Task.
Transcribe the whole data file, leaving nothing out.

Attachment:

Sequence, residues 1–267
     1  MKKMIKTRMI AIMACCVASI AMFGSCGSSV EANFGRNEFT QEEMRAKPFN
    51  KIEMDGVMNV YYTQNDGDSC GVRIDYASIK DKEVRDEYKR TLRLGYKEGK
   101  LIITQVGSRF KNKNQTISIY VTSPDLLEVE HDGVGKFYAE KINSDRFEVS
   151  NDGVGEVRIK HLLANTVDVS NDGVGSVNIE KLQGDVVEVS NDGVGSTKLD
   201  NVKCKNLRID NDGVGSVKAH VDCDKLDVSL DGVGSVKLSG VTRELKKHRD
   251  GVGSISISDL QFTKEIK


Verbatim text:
Sequence, residues 1–267
     1  MKKMIKTRMI AIMACCVASI AMFGSCGSSV EANFGRNEFT QEEMRAKPFN
    51  KIEMDGVMNV YYTQNDGDSC GVRIDYASIK DKEVRDEYKR TLRLGYKEGK
   101  LIITQVGSRF KNKNQTISIY VTSPDLLEVE HDGVGKFYAE KINSDRFEVS
   151  NDGVGEVRIK HLLANTVDVS NDGVGSVNIE KLQGDVVEVS NDGVGSTKLD
   201  NVKCKNLRID NDGVGSVKAH VDCDKLDVSL DGVGSVKLSG VTRELKKHRD
   251  GVGSISISDL QFTKEIK